Then it was time for Finn and Johnnie’s exams. They hated the eyedrops. My goodness is Finn a fighter! But, of course, afterward he kind of wipes his hair out of his eyes and says “that didn’t hurt at all!” Finn got a free eyepatch out of that. Looks just like Kwazy’s from Octonauts.


Most legit pirate eyepatch ever.


Dr. Wilson is so cool. I mean really, he is. A glance through some fancy round lens into Finn’s eyes looking left, right, up, down, and then I heard “Perfect! They look great!” RELIEF. Two-thirds of the weight off of my shoulders! We all clapped…..and then Finn played on our Child Life Specialist’s iPad.

Johnnie’s turn. A glance through some fancy round lens into Johnnie’s eyes, a flashlight, and then…ULTRASOUND?! My heart started racing. Ultrasound? Why does he need to do an ultrasound? What did he see??? On the screen, I strained my eyes to look for what he had been so concerned about that he needed to do an ultrasound of her eyes. I think I stopped breathing. But then…”Perfect! All four eyes are perfect.” PHEWWWWW! …The ultrasound was just used because she’s too young to listen and look in different directions for Dr. Wilson to have gotten a good look at her eyes.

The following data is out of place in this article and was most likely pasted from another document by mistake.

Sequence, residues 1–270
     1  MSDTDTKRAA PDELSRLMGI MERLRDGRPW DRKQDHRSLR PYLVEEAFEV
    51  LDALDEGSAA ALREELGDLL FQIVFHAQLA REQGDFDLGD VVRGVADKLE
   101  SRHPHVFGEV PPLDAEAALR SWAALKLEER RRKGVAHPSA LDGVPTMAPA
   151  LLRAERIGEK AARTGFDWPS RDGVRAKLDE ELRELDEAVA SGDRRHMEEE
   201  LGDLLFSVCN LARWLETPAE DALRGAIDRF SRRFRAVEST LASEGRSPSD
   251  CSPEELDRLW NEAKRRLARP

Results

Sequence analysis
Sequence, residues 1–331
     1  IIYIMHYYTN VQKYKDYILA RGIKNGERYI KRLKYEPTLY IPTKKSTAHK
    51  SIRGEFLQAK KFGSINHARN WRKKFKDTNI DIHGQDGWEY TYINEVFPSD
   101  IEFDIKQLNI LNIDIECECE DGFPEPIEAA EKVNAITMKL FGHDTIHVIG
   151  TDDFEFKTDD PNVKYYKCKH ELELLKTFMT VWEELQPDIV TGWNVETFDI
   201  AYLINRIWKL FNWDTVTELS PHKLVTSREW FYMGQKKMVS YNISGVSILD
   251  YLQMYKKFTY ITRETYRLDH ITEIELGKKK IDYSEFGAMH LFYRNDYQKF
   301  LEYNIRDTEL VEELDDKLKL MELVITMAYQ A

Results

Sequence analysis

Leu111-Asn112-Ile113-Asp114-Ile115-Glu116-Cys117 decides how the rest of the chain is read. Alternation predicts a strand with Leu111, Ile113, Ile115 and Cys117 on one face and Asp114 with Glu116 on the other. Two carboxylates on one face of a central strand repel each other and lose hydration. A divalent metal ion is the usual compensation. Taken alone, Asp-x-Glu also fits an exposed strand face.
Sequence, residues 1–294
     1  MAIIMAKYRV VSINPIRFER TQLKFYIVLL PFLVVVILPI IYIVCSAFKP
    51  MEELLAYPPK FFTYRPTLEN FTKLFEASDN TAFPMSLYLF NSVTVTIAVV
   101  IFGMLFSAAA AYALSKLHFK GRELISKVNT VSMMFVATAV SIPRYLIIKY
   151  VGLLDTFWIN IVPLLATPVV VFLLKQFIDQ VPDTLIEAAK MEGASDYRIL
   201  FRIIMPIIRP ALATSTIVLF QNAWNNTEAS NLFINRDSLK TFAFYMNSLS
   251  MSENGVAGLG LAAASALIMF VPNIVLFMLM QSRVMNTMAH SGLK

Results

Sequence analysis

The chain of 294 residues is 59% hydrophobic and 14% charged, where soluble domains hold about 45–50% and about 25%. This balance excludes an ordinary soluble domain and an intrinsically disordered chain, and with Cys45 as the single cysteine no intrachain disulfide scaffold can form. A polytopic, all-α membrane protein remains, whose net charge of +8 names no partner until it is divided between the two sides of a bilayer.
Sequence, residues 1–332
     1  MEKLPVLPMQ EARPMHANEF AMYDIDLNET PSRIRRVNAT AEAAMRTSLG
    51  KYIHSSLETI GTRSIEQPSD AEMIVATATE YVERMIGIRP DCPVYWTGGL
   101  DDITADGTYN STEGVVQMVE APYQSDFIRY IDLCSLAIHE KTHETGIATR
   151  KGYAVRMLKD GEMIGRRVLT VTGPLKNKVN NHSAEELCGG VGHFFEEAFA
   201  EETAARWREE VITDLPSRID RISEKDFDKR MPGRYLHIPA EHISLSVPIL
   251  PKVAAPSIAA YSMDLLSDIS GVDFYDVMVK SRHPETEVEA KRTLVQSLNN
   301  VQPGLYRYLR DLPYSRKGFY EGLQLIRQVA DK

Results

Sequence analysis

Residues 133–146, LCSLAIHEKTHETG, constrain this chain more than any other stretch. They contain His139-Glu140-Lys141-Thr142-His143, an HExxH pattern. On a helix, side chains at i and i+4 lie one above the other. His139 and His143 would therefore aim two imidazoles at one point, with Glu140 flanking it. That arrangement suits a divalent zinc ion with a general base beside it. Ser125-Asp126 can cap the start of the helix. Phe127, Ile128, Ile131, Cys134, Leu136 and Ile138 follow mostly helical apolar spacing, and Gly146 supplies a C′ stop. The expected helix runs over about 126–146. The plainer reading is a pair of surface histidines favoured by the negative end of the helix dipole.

After the kids passed with flying colors, I didn’t have a care in the world. I knew it was going to be OK. I knew that Willa wouldn’t have to have chemo. I just knew. I had a renewed joy. I even gave the kids a Twix and the melted chocolate that ended up all over everything didn’t even phase me. They don’t have Retinoblastoma. Their eyes are healthy. They could’ve done just about anything at this point and gotten away with it. I didn’t care. They were healthy!!!!

Then Dookers and Wubbs (Mom and Dad) left to catch their flight home while Papa and Peaches (Jeff and Debbie) took Finn and Johnnie back to their hotel for a nap. I was feeding a dozing Willa back at our housing. It was so quiet. And Steven and I knew it would only be an hour or two before we heard results.